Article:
Polymyalgia rheumatica (PMR) causes symptoms similar to those of several other conditions, such as rheumatoid arthritis, lupus, and fibromyalgia. For this reason, doctors can misdiagnose it.

PMR causes widespread muscle stiffness, aching, and pain that is often worse in the morning or after extended periods of inactivity. It affects both sides of the body equally and is common in those over 50 years of age.

Other symptoms of PMR include:

This article looks at the diseases that mimic PMR, including their similarities and differences. It also explains how doctors tell these conditions apart and make a diagnosis.

A man sat on a bed facing a window, holding his back due to polymyalgia rheumatica pain.Share on Pinterest
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According to the American College of Rheumatology, PMR is a condition that causes widespread aching and stiffness in joints around the body. It often affects the:

  • upper arms and shoulders
  • neck
  • hips
  • lower back
  • thighs

The average age of onset is 70 years old. PMR can affect anyone, but it occurs slightly more often in females than males and is more common in white people. The reasons for this are unclear. Doctors do not know what causes PMR, but it appears to be driven by inflammation.

PMR typically lasts between 1–5 years before resolving, but this can vary. During that time, people can manage the symptoms using medications, exercise, and rest.

Approximately 15% of people with PMR also develop a potentially serious condition known as giant cell arteritis, which causes narrowing or blockages in large blood vessels around the head, neck, and arms. The symptoms of giant cell arteritis include:

  • headaches
  • visual difficulties, such as double vision or vision loss
  • jaw pain while eating
  • scalp tenderness or aching around the temples

Polymyalgia rheumatica shares many symptoms with a range of other diseases, including:

RA is an autoimmune disease that occurs when the immune system attacks the joints. It causes pain and stiffness in the joints, similar to PMR. People with RA can also experience fatigue, a high temperature, low appetite, and weight loss. Due to these similarities, RA and PMR are easy to mix up.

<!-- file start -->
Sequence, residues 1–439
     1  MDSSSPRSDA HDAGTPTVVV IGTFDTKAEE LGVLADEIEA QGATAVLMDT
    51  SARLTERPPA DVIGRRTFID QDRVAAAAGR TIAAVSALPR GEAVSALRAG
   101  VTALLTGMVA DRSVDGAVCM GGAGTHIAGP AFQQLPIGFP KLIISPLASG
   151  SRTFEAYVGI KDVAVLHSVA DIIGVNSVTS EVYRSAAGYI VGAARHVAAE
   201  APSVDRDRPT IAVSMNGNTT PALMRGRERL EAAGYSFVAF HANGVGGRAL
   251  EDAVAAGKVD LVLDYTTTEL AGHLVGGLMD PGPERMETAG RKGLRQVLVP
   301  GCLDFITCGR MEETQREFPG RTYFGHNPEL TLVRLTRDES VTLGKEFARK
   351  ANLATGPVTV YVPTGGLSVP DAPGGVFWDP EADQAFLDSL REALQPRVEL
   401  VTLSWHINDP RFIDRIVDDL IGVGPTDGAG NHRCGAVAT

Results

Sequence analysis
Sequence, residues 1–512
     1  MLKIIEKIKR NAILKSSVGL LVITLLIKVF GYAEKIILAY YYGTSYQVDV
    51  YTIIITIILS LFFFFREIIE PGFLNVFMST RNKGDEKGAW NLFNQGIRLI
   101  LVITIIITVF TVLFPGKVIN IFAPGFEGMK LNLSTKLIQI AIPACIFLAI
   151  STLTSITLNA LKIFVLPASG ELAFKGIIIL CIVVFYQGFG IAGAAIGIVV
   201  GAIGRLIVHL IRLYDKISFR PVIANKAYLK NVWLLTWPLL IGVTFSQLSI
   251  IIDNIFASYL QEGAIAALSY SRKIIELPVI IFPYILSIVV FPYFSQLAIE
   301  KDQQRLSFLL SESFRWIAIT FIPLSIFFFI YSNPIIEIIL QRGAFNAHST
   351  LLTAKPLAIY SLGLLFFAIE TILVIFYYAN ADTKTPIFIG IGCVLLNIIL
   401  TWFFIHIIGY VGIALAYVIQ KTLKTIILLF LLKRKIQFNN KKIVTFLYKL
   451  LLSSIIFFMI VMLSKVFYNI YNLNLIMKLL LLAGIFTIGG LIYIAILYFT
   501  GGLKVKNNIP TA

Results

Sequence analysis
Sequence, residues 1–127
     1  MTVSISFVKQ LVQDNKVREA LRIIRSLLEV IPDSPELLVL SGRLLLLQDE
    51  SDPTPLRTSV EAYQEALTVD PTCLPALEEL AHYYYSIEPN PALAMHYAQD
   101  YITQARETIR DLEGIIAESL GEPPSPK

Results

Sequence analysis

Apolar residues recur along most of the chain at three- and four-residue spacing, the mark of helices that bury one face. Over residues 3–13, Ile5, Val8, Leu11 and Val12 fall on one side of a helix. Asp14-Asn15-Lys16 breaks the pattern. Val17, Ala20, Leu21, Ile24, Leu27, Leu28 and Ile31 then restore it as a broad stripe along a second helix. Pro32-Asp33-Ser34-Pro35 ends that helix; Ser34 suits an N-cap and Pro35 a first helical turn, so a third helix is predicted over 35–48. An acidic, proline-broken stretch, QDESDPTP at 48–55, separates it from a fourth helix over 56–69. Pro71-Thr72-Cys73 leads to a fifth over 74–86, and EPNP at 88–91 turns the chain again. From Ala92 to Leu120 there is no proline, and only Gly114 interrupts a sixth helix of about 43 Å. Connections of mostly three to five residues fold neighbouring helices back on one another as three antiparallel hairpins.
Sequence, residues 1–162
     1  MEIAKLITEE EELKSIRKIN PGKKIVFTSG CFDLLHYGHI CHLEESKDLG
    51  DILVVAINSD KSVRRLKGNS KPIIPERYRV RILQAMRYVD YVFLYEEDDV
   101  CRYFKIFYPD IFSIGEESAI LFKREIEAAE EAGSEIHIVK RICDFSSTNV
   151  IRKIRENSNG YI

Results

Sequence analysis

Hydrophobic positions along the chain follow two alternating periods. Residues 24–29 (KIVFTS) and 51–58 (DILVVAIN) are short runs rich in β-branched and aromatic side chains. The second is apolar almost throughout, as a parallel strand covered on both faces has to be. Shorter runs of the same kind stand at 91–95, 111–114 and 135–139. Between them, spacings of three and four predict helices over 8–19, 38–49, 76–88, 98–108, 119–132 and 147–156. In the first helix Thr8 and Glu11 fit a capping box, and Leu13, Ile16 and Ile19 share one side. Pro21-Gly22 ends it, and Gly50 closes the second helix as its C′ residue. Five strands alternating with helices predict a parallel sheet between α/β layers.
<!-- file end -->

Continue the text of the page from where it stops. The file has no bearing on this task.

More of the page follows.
Additionally, both RA and PMR tend to affect both sides of the body and occur more frequently in older adults. Around 30% of people with PMR have joint swelling and degeneration, which are also symptoms of RA.

However, there are some differences between the symptoms of PMR and RA. Not everyone with PMR will develop joint swelling, whereas in RA, this is a key symptom. Additionally, RA often begins in the hands, feet, wrists, and ankles. PMR does not usually affect these joints.

Lupus is another autoimmune condition. However, instead of the immune system specifically attacking the joints, it attacks various tissues and organs. The main symptoms are joint and muscle pain, a rash over the nose and cheeks, and extreme fatigue. Aside from the butterfly-shaped rash on the face, lupus can seem very similar to PMR.

Other symptoms of lupus may include:

  • mouth sores
  • headaches
  • a high temperature
  • hair loss
  • loss of appetite and weight loss
  • skin that is sensitive to the sun

Fibromyalgia is a condition that causes chronic pain across the body. Similar to PMR, it causes muscle stiffness and tension, especially in the morning. It can also cause fatigue.

Other symptoms of fibromyalgia include:

  • increased sensitivity to pain
  • difficulty sleeping
  • difficulty thinking or remembering
  • headaches
  • digestive symptoms similar to irritable bowel syndrome